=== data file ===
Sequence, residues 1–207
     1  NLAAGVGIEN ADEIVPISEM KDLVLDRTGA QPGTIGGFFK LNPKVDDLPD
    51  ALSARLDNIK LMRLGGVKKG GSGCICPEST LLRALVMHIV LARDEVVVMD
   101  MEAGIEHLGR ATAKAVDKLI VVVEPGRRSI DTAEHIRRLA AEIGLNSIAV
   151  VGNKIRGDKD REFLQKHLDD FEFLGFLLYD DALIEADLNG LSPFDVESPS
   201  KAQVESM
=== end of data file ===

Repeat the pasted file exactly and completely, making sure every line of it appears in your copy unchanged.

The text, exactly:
Sequence, residues 1–207
     1  NLAAGVGIEN ADEIVPISEM KDLVLDRTGA QPGTIGGFFK LNPKVDDLPD
    51  ALSARLDNIK LMRLGGVKKG GSGCICPEST LLRALVMHIV LARDEVVVMD
   101  MEAGIEHLGR ATAKAVDKLI VVVEPGRRSI DTAEHIRRLA AEIGLNSIAV
   151  VGNKIRGDKD REFLQKHLDD FEFLGFLLYD DALIEADLNG LSPFDVESPS
   201  KAQVESM